En Español

Q. Who is Mr. Smarty Plants?

A: There are those who suspect Wildflower Center volunteers are the culpable and capable culprits. Yet, others think staff members play some, albeit small, role. You can torture us with your plant questions, but we will never reveal the Green Guru's secret identity.

Help us grow by giving to the Plant Database Fund or by becoming a member

Did you know you can access the Native Plant Information Network with your web-enabled smartphone?

Share

Ask Mr. Smarty Plants

Ask Mr. Smarty Plants is a free service provided by the staff and volunteers at the Lady Bird Johnson Wildflower Center.

Search Smarty Plants
    
 
See a list of all Smarty Plants questions

Please forgive us, but Mr. Smarty Plants has been overwhelmed by a flood of mail and must take a break for awhile to catch up. We hope to be accepting new questions again soon. Thank you!

Need help with plant identification, visit the plant identification page.

 
rate this answer
Not Yet Rated

Thursday - April 19, 2007

From: binghamton, NY
Region: Northeast
Topic: Wildflowers
Title: More on bluebonnets
Answered by: Damon Waitt

QUESTION:

I am a displaced Austinite - As of last week now living in upstate New York (Binghamton). As I was leaving town - a friend presented me with a pound bag of bluebonnet seeds. A thoughtful gift - but I am a bit of a brown thumber. I'd love to foster a crop of them in my, somewhat sunny - except for those darn tall trees:), yard. I haven't got a clue how to get them started - or when to plant them (I wouldn't think April would work - although it is supposed to snow today!). My Mom, a real big help on the matter, said that I needed to score the seeds to get them going. Is that fact or fiction, and what does that require....? Quite frankly, life was easier when I just had to hop in car and drive down MoPac. Lupine clueless in Binghamton!

ANSWER:

Hmmm...you have put Mr. Smarty Plants in a bit of a bind. Each region of the country has its own unique flora and bluebonnets are a unique part of the Central Texas flora. It is highly unlikely you would be successful growing them in New York's cold clime even if you were to sow the seed at the right time of year (which is in early Fall) and score the seed (fact not fiction).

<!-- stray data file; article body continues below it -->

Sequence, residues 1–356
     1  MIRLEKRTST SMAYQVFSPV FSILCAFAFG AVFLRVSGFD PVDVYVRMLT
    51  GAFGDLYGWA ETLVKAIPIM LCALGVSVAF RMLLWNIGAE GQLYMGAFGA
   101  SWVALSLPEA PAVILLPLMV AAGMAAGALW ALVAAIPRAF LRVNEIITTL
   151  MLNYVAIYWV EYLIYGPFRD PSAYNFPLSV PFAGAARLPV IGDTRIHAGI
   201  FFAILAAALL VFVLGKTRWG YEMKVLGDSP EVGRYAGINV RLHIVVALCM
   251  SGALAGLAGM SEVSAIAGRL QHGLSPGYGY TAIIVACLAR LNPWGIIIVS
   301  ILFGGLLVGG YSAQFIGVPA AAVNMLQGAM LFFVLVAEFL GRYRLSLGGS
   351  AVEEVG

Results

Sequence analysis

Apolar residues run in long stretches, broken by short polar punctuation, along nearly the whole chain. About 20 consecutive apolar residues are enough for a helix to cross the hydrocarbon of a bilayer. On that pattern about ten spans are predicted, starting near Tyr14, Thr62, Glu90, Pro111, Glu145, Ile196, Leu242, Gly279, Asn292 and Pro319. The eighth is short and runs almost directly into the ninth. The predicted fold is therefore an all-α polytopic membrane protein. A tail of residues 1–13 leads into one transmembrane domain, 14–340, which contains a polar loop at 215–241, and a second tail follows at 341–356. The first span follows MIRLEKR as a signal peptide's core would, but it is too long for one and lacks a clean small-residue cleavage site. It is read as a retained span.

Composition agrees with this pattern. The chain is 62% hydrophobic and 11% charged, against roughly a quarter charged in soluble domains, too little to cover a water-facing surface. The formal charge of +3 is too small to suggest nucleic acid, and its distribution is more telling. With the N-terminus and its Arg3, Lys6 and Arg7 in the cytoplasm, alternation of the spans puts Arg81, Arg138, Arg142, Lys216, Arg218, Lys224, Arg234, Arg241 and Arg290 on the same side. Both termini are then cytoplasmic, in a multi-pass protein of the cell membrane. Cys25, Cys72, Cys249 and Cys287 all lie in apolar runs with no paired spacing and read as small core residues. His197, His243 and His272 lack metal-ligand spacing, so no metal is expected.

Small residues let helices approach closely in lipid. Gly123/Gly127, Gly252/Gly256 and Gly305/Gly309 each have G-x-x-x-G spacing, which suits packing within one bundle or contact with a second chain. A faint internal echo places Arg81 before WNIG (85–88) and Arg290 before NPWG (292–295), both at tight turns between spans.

Have you considered doing some research on plants native to your area by visiting our Native Plant Database and selecting New York from the combination search. I think you will find some excellent wildflowers native to your area like Castilleja coccinea (scarlet Indian paintbrush), Rudbeckia hirta (blackeyed Susan), Anemone canadensis (Canadian anemone), Trillium erectum (red trillium), and Trillium grandiflorum (white trillium).

Here are some bluebonnet pictures to tide you over while you explore the New York wildflowers.


Lupinus texensis

Lupinus texensis

Lupinus texensis

 

 

More Wildflowers Questions

Smarty Plants on daylilies
July 29, 2003 - I have a number of Daylilies that are rapidly multiplying in my flower bed. If I relocate some of them to the field behind my house, will they crowd out the native wildflowers?
view the full question and answer

More on bluebonnets
March 10, 2003 - Clover has taken over and just about covered the Bluebonnets. Is there any way of removing the clover such as with fertilizer or something else?
view the full question and answer

When to mow after bluebonnets bloom in Brenham, TX
May 04, 2009 - I live in Brenham, TX, and thanks to spreading 80 pounds of bluebonnet seeds last fall, we had a very small but promising showing of bluebonnets this March and April. The bluebonnets still appear to b...
view the full question and answer

Wildflower succession from Austin
April 02, 2011 - I am interested in learning about a wildflower "cycle" (not sure of a better term). I recently saw the Wildflower special on PBS that talked briefly about an area that had wildflowers that naturally...
view the full question and answer

Moving Iris bulbs
April 15, 2011 - I will be moving and want to take my Iris bulbs with me. Can I dig them up now that they are in flower?
view the full question and answer

Support the Wildflower Center by Donating Online or Becoming a Member today.
E-NEWSLETTER | BECOME A MEMBER | DONATE NOW | MEDIA | JOBS | SITEMAP | STAFF INTRANET
© 2016 Lady Bird Johnson Wildflower Center